“In the following years Allan’s positive results were both confirmed and disproved by several authors, but during the late 1930s the use of salt restriction faded.”

    “In the introduction of his 1960 paper Dahl defines his position, namely that salt is deleterious. Salt is compared with fall-out, carcinogens and atherogenic factors, and later in the paper with tobacco, alcohol, and fat”
    http://ije.oxfordjournals.org/cgi/content/full/34/5/972

    SALT AND BLOOD PRESSURE:CONVENTIONAL WISDOM RECONSIDERED

    POLICY IMPLICATIONS
    One segment of the public health community—funded by the the National Heart Lung and Blood Institute and endorsed by many journals in the field has decided that salt is a public health menace.

    Therefore, salt consumption must be drastically curtailed. The force with which this conclusion is presented to the public is not in any reasonable balance with the strength of the evidence.
    Programs, once in place, develop a life of their own; the possibility of health benefits becomes probability, and probability becomes certainty. After all, the public is easily confused by complications,
    only professionals can weigh the evidence, and where is the harm in salt
    reduction?

    The harm is to public discourse. The appearance of scientific unanimity is a powerful political tool, especially when the evidence is weak.
    Dissent becomes a threat, which must be marginalized. If funding agencies and
    journals are unwilling to brook opposition, rational discussion is curtailed.
    There soon comes about the pretense of national policy based on scientific
    inquiry without the substance. In our view, salt is only one example of this
    phenomenon.”
    http://www.stat.berkeley.edu/~census/573.pdf

    • legiron says:

      The harm in salt reduction is called hyponatremia. I have heard of patients admitted to hospital with this, only to be put on a low salt diet… and a saline drip!

      Soon we’ll all be carrying a saline drip around.

      Well, I won’t be. I always have a few small salt packets with me in case I buy food from one of the places that don’t put out a salt cellar any more ;)

      • Rose says:

        I’m very bad at remembering to eat salt, so I had bread and dripping sprinkled with sea salt for lunch after reading the article.

      • prog says:

        Standard practice in this household to routinely add salt to tinned soup, beans etc. I suspect a lot more than was originally included before the nutters started interfering.

  5. Clicky says:

  6. smokingscot says:

    The photo may not appear, but I had to comment on the Rose’s find:

    “/content/dam/news/2017/02/21/PD16319241_Jeff-Gilbert_BMA-CONFERENCE-CHURCH-HOUSE-small_trans_NvBQzQNjv4BqZgEkZX3M936N5BQK4Va8RWtT0gK_6EfZT336f62EI5U.jpg”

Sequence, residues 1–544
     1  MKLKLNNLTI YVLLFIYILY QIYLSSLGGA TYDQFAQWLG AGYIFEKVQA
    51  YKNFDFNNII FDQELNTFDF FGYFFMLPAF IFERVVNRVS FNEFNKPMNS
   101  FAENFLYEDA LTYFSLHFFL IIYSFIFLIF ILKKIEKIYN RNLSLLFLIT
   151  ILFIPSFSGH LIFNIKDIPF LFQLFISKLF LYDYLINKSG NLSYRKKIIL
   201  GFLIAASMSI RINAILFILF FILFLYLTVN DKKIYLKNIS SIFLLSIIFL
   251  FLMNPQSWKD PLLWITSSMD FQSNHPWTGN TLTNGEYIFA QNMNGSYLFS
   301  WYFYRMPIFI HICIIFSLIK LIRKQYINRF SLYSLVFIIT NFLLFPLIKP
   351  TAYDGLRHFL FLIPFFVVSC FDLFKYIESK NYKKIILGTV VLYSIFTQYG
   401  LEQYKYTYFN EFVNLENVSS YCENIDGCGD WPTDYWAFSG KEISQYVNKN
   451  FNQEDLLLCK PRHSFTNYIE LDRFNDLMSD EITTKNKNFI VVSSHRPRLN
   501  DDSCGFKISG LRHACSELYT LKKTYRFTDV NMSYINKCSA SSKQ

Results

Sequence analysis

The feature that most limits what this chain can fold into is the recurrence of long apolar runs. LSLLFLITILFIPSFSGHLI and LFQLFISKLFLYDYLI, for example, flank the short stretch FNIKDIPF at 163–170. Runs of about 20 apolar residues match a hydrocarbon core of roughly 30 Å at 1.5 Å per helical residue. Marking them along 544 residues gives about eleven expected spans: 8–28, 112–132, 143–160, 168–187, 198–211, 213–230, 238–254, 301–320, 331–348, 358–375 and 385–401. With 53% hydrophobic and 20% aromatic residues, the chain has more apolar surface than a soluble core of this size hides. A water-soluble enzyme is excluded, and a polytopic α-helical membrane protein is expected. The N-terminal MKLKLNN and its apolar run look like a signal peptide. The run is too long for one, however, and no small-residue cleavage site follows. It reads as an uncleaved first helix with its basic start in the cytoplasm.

And it says:

    “Dr Jonathan Fielden, the highest paid chief at NHS England, is currently suspended after being arrested on suspicions of voyeurism”

    So I checked up on exactly what that means.

    “voyeurism
    noun
    the practice of gaining sexual pleasure from watching others when they are naked or engaged in sexual activity.

    or

    enjoyment from seeing the pain or distress of others.”

    I’d say the second description very neatly sums up most of the donkeys.

  7. smokingscot says:

    Darn it didn’t load.

  8. Pingback: Vapers Digest 6th March | Convicted Vapour

  9. Rose says:

    In other news.

    Cigarettes sold for £20 EACH in prisons where smoking has been banned
    6th March

    “Prisons are getting themselves into huge debt buy spending up to £20 each for cigarettes in prisons where smoking is banned.
    And small pouches of rolling tobacco are changing hands up a staggering £200.
    Desperate inmates are running up debts which have to be paid by relatives when they are freed.”

    “Prison reform groups also said they feared that the smoking ban would lead to an increase in tensions in jail. Peter Dawson, from the Prison Reform Trust, said a “sensible approach to smoking in prisons would leave prisoners with a choice – at least to smoke outside”.

    “If that is to be denied to them, there has to be proper support while people give up – not just smoking cessation aids, but increased vigilance for signs of distress that could easily turn into self-harm or worse,” he said”
    http://www.mirror.co.uk/news/uk-news/cigarettes-sold-20-each-prisons-9978330

  10. nisakiman says:

    The ‘salt is bad for you ‘ meme never gained any traction in Greece. When you order a meal in a restaurant there, they will throw a handful of salt over it, regardless of whether or not it is salty anyway. If you don’t like a lot of salt on your food, don’t go to Greece!

    • nisakiman says:

      A bit like the ‘smoking is bad for you’,really. That never made much headway either.

      I’m in Laos at the moment, and I’ve come across that rarest of beasts, the cigarette pack with no warning plastered all over the front, just a discreet little panel on the side of the pack.

      How refreshing.

      Delay in posting this, as I got collared by the waiter for a brief English lesson.